There was a lot of blood.
I fought back the tears as my brother helped me hobble inside. I knew I shouldn’t be playing on the folding chair that way, but I am not one to so quickly turn away from fun. And a little childlike rebellion.
“Kids, stop playing on those and when you get hurt, don’t come crying to me,” my dad hollered to us.
It’s funny how I didn’t care enough about obedience to stop playing, but decided to mind my father at the words, “Don’t come crying to me.”
Waiting for my mom to come home, I hid in the bathroom for what seemed like hours, balled up on the cool tile floor— pink tile like any good home built in the 50s. Chris helped me clean up the wound as best as two young kids could and we waited.
I couldn’t let him find me. I didn’t want my dad to know I hurt myself doing the very thing he warned me not to do.
When Mom finally came home, I lost all composure and collapsed into her arms. Between sniffles, I explained to her why I had an absurd amount of toilet paper and band-aids stuck to my right knee.
“Why didn’t you tell your dad you were bleeding?”
“He said not to.”
“He said what?!”
“He told us not to come crying to him when we got hurt. So I didn’t.”
I still have a giant scar on my knee from that backyard incident and this story is still at the top of the list of my family’s favorites about me.
But this scar reminds me of something all-too-familiar in my life today: I am caught in a battle between performance and grace.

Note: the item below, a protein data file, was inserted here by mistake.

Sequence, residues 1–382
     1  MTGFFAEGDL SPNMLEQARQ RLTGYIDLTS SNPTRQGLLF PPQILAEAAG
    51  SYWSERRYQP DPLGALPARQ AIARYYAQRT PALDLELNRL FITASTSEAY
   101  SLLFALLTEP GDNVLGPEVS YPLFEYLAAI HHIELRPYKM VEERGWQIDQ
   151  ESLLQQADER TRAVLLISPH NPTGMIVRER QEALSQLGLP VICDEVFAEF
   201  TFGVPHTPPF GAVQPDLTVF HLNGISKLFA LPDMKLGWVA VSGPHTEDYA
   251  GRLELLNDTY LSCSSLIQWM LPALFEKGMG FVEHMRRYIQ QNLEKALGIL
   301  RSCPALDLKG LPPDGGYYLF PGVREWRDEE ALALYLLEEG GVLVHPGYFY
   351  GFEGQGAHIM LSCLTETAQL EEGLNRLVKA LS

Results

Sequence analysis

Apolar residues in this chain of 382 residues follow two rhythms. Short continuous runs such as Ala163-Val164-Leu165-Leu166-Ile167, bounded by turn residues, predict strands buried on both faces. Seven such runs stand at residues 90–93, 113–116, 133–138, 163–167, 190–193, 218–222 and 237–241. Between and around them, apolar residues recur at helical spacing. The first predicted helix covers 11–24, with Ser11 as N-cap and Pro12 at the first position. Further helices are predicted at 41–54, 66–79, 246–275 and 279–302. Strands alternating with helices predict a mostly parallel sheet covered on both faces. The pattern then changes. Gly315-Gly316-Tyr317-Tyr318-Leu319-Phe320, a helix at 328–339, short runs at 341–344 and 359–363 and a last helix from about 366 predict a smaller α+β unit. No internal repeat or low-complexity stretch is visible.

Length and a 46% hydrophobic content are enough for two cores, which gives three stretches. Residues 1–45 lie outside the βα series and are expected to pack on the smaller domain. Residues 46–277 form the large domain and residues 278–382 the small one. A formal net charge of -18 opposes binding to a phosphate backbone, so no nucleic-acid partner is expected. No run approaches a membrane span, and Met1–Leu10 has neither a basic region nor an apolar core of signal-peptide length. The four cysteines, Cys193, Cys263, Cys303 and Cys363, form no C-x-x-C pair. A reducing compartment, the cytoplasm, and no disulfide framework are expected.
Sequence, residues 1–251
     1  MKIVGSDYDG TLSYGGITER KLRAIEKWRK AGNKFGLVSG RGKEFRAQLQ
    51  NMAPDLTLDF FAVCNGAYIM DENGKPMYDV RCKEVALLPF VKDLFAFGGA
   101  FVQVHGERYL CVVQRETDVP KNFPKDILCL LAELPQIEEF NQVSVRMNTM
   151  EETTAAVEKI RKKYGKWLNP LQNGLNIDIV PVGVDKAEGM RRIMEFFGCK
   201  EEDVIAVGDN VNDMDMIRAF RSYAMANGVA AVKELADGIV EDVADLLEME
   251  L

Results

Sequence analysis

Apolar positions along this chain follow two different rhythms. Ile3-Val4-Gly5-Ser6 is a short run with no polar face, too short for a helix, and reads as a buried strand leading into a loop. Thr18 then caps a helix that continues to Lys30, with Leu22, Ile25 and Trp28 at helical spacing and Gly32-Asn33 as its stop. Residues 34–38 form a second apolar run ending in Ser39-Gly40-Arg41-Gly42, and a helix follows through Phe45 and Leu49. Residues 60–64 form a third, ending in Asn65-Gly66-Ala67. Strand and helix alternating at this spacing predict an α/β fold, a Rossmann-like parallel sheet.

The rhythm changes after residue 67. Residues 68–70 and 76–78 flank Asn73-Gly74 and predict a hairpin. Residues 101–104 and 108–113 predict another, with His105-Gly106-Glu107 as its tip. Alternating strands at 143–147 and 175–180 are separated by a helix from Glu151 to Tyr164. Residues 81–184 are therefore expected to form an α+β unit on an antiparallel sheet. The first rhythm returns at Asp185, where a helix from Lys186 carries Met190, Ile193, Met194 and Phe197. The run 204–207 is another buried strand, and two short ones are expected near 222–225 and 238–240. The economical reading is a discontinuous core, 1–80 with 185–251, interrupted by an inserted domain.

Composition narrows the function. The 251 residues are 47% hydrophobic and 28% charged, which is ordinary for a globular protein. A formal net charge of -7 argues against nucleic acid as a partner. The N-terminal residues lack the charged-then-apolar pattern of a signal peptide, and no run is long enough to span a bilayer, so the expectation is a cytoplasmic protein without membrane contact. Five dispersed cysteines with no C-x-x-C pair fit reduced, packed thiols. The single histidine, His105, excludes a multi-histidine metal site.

I want to do the right thing. I do for a while. I inevitably fail. I am my toughest critic, lending little to no grace for myself.
A life motivated by performance is a life lived in fear. Fear of messing up, failing, disappointing. This is how I’ve lived most of my life whether I’d like to admit it or not.
A life motivated by performance is an effort to earn salvation, which is impossible, yet sometimes the thought of accepting all the grace that God has seems just as unlikely for me.
It’s a simple analogy, but a message I’ve long overlooked. I cut my knee. Because of my disobedience I hid from my father, the only one who could help me.
That day my dad didn’t scold me for my defiance, he held me close and made me promise never to hide my wounds from him again.
And I’m certain my heavenly father is doing the exact same.